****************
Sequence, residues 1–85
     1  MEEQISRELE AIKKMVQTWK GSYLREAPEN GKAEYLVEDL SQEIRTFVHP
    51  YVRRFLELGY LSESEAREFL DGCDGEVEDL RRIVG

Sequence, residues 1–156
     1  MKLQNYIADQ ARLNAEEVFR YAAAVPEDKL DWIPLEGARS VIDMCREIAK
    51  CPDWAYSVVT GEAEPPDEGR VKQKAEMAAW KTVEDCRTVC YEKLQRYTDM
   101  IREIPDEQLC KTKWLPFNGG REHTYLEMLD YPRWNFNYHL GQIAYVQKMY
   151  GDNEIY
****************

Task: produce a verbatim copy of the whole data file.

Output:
Sequence, residues 1–85
     1  MEEQISRELE AIKKMVQTWK GSYLREAPEN GKAEYLVEDL SQEIRTFVHP
    51  YVRRFLELGY LSESEAREFL DGCDGEVEDL RRIVG

Sequence, residues 1–156
     1  MKLQNYIADQ ARLNAEEVFR YAAAVPEDKL DWIPLEGARS VIDMCREIAK
    51  CPDWAYSVVT GEAEPPDEGR VKQKAEMAAW KTVEDCRTVC YEKLQRYTDM
   101  IREIPDEQLC KTKWLPFNGG REHTYLEMLD YPRWNFNYHL GQIAYVQKMY
   151  GDNEIY